“It’s Dhagdar! He wants to kill you! He’s trying to end the world!”
Dylan couldn’t stop thinking about the sports car. As he walked from the dealership, the shiny redness of it sat behind his eyes, like the colour that remains in your retina after you stare at a light. He could still feel the leather steering wheel in his hands and smell that intoxicating new car smell, and his loins buzzed with the memory of the vehicle’s quiet power as it propelled him down the road. It beat Kane’s fat, ugly, orange man-truck and his father’s boring white, old-spinster Honda Civic hands down. They weren’t even in the same competition.
Exhilaration surged inside him, lifting his heels from the pavement. Kane was right: Wilfred was dead. The lanky old professor had confirmed it, and what happened at the burger store was an episode of panic brought on by trauma. Now it was only a matter of time before Wilfred’s death certificate was signed, and then they could cash in on the will. Then, the car. He walked for a few paces on tiptoes, singing, “Thunder – ahhhhh. Thunder – ahhhhh,” imagining Bert’s reaction when he saw it. His grandfather, a car lover all his life, had taught him to drive, and Dylan couldn’t wait to take him for a spin. Once the car was his, he’d make the long drive to Briarwood and turn up in his grandparents’ driveway unannounced, blowing the horn and waiting for Bert and Elizabeth to come outside to see who was sitting in their driveway in a bright red new shiny sports car. Maybe a shock like that was all it would take to bust Bert out of the fog of confusion he was floundering around in.
As he nodded in agreement with himself, a long-haired middle-aged man in a blue floral shirt and pink trousers came striding towards him, staring and smiling. He was wearing open-toed sandals with white socks. Aa small green bag, hanging from one shoulder, banged against his hip as he walked. Behind him was a short middle-aged woman with frizzy red hair and too much mascara, wearing yellow slippers and a caftan printed with large purple hibiscus flowers. She was holding two recycled hessian shopping bags and staring and smiling at him like the man.
“Excuse me,” he said, barring Dylan’s way. “Sorry to trouble you. How are you? If it’s not too much bother, would you happen to know where I can find the nearest police station?” He shook his phone at him. “I can’t seem to get a signal.”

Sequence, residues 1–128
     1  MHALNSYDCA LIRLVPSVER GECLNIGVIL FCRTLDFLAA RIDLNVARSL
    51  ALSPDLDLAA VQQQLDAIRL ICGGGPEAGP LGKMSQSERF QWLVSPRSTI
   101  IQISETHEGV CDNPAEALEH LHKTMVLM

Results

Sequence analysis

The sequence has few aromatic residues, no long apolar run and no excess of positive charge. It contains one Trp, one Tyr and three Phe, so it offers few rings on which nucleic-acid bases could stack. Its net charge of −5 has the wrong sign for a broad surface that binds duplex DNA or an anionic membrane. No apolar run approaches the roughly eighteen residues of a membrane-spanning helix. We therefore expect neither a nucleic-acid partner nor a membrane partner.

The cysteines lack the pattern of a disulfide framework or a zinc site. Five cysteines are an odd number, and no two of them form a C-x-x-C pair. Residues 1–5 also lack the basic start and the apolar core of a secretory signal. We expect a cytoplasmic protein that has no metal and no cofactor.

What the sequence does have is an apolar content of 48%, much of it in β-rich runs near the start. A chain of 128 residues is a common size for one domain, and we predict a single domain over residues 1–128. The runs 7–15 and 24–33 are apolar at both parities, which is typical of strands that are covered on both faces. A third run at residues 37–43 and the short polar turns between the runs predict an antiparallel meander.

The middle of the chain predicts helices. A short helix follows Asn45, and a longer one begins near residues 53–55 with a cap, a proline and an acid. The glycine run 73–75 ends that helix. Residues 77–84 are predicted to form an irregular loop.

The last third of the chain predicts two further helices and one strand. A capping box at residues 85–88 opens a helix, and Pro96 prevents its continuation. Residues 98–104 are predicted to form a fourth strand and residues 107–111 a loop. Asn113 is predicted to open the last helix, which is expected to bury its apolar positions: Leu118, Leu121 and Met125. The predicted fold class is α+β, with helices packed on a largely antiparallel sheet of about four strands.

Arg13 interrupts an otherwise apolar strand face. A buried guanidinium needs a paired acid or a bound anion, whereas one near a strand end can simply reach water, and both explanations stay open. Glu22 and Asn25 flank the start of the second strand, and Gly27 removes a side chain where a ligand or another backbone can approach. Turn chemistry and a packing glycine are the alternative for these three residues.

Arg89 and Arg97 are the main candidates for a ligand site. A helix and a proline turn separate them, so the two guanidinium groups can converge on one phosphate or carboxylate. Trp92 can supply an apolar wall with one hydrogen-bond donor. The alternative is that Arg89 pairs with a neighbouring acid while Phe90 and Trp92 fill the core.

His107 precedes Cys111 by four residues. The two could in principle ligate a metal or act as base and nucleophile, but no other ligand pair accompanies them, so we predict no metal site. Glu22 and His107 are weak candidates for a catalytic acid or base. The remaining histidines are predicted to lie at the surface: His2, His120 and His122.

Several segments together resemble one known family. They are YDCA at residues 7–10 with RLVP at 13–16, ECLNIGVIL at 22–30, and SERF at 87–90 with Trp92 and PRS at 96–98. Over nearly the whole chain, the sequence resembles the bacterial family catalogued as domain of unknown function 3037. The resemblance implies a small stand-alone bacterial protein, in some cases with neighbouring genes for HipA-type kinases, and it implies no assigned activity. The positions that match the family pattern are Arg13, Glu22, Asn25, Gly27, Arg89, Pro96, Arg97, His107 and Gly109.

Dylan looked at him. Looked at the woman. They stared back. Police station? What would these hippie characters want the police for? They looked out of place – like colourful cartoon people a child might scrawl in crayon over a photo of a dreary village scene. A fear shot through his mind that this was a trap, that the NSO had uncovered his involvement in Wilfred’s affairs, or Simon had ratted on him, and they were here to kidnap him, bundle him into the back of a black van and make him disappear.
“It’s that way,” he said, pointing over his shoulder, then stepped around the man and hurried away.
As the seconds ticked by, he wondered what they were doing behind his back. (Creeping up on him? Calling for back-up? Waving a black van towards him?) The couple reminded him of the people he’d saved from the Messenger, and this alarmed him even more. The NSO were sure to have seen his interview on the news by now; this would connect him to the attack, and to Wilfred. They might even assume he was a sorcerer himself. That being so, once he was in custody, locked and bound in a concrete room in some isolated bunker, why would they believe him when he said he had no idea what Wilfred was up to when he stole a corpse, drew all over it in black marker pen, cast a spell from the book of the dead and released a demon on the world? In fact, what was to stop them shooting him in the head right here and now, before he had time to conjure another Messenger to send after them?
Safe around the corner, he froze. Bubbles of panic rose in his chest. He realised he was thinking about Wilfred again – more than that, he was recalling their spell-making, letting him in. “Red sports car … Thunder – ahhhhh. Thunder – ahhhhh,” he sang, pressing on. But it was too late. The panic swelled into nausea and an awful pressure grew behind his forehead. Day became night, his legs gave way and he felt himself fall. Though his eyes were open, everything was black. He had no feeling in his body, no sensations at all, apart from the horrendous smell of something rotten.
Dimly, he heard voices:
“Are you okay?”
“Are you hurt”
“Larry, do something!”
He raised his head and light flooded back into his eyes, hurting him. Pulling up his knees, he pressed his hands against his face.
“Let’s get him to a hospital,” he heard the colourful man say.
When someone touched his shoulder, he dropped his hands and opened his eyes in a squint.
Around him were the tree-lined street, the row of shops, the blue sky, a small crowd of onlookers – everything still so bright.
Then it all went black again.
“Uht-ah-ell,” he murmured. His mouth felt strangely wet and slimy, his lips loose. The stink was back: like the smell in the dungeons below the Dark farm magnified a thousand times.
He felt a hand patting his back, and with that, the light returned.
Dylan looked up in horror. There was no doubt now what was happening. Leaping to his feet, he grabbed the strap of the man’s bag, screaming, “The Crypt! It was the Crypt of Gemnemnon! It’s Dhagdar! He wants to kill you! He’s trying to end the world!”